"There still needs to be some fleshing out of more the logistical implementation of some of the issues. We're hoping to get answers back pretty quickly on that," he says.
Comments from Brokernews.com.au indicate that there may be some unresolved issues in the legislation for brokers. One broker commented that "anyone that is happy with it has not read the draft in full. What happens when the client lies to you about affordability? Should they fall in arrears and get foreclosed on, you as the broker, according to the new legislation, will face criminal (not civil) charges for giving a loan to client that can't afford it."
Another broker said that the current requirements are sufficient. "The new laws are overkill, penalizing the majority of brokers who are trying to earn a decent living in a professional services industry. It's not as if a dodgy broker is currently immune to termination of membership and accreditation, and prosecution and judicial punishment."
Bruce Finch commented: "Now that ASIC is taking over the administration and responsibility of 'surveillance and compliance' of brokers, do we still need the MFAA? The MFAA doesn't represent or help brokers in any tangible way and only appear to be the banks' puppet. With our commissions and trails reduced and with no united voice to defend us (which I believe the MFAA and FBAA was supposed to do), we're probably better off without the MFAA. At least we'll save on multiple annual membership fees".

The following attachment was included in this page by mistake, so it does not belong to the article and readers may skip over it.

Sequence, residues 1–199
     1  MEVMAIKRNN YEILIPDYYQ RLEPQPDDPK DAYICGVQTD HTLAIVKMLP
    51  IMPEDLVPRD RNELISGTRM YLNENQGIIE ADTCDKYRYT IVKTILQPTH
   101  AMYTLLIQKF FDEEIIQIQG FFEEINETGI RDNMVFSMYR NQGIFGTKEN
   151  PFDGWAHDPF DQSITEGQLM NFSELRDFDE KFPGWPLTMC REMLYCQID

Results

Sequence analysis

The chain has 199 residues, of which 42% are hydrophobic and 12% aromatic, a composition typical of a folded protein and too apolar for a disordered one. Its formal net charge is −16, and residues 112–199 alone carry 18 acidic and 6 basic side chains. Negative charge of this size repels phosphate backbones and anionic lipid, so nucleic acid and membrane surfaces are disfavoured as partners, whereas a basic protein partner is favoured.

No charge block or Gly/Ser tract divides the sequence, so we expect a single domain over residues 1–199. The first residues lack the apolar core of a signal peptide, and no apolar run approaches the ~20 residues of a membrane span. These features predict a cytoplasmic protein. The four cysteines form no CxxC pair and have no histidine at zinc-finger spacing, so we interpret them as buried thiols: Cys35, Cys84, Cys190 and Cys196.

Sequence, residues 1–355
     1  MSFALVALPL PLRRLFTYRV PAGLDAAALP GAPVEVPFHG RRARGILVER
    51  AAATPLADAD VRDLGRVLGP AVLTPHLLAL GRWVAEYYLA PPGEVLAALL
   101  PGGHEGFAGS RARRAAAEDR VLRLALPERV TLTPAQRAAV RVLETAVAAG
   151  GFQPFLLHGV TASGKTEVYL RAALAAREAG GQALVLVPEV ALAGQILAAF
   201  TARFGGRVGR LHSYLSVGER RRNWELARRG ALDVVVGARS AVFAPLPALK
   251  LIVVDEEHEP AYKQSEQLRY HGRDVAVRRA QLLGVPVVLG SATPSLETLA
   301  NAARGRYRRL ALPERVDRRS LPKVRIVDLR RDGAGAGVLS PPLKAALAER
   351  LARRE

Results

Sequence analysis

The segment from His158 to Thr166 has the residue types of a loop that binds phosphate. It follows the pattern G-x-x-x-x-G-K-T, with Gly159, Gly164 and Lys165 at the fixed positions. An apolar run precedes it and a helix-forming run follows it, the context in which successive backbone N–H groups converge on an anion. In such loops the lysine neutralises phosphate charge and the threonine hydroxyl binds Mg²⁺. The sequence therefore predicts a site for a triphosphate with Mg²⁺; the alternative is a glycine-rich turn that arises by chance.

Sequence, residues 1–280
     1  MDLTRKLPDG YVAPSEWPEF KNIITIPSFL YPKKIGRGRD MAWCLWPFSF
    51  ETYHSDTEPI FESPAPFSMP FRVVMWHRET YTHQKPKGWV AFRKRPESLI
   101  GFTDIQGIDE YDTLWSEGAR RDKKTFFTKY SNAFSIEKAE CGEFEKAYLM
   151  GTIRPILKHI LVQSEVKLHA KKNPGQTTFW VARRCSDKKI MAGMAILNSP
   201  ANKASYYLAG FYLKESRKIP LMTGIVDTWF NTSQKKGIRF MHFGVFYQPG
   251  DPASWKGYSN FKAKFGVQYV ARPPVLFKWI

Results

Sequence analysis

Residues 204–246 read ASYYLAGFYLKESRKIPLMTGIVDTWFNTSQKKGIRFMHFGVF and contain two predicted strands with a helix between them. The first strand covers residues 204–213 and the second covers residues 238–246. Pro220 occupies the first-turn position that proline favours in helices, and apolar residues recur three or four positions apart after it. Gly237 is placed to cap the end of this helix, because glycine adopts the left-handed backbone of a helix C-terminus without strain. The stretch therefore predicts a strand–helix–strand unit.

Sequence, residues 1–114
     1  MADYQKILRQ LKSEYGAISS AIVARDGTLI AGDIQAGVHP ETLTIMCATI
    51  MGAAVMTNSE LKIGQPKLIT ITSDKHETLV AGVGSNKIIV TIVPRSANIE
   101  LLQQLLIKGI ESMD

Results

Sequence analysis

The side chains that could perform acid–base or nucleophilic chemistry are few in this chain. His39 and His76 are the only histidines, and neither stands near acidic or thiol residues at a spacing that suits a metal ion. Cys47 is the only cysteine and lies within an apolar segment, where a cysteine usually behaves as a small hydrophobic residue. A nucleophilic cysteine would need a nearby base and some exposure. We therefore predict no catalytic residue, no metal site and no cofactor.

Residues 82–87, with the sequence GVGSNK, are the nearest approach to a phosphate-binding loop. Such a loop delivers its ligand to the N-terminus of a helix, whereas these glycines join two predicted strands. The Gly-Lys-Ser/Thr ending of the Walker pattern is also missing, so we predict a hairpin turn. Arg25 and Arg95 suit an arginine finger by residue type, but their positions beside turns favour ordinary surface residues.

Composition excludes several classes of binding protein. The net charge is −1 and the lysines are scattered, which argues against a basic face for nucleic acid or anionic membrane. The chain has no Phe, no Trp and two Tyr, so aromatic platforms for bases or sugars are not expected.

On this note, Andrew Brumby, director of Develop & Invest says "I'm a member [of the MFAA] and I'll support them, but with this legislation there probably needs to be a fundamental change to what they do."
As for complying with the legislation Brumby says it will involve some extra work but probably won't be too onerous for the experienced broker.
The MFAA has been working with the government from the ground up to prepare the draft legislation. In an effort to get brokers' views on the bill it has been holding seminars around the country before it made its submission to the committee in May.
"I've spoken to 1,000 members around Australia and I haven't heard anyone who has been critical of what's proposed," says MFAA CEO Phil Naylor.
While brokers have been asking many questions about the bill, Naylor says they've concentrated on the finer aspects. "They're interested on how the licensing works, how the concept of credit representative works, it's more those matters of details."
In his seminar on the draft legislation, Naylor outlined several sticky points that the MFAA addressed in its submission. For instance, Naylor identified that "if you're a credit representative for a broker, at the moment theoretically you've got to sit down in front of the client and say here's the licensee's credit guide and here's mine. Now they're both substantially the same and we think that's a bit of an oversight. It seems nonsense to have to hand out two documents."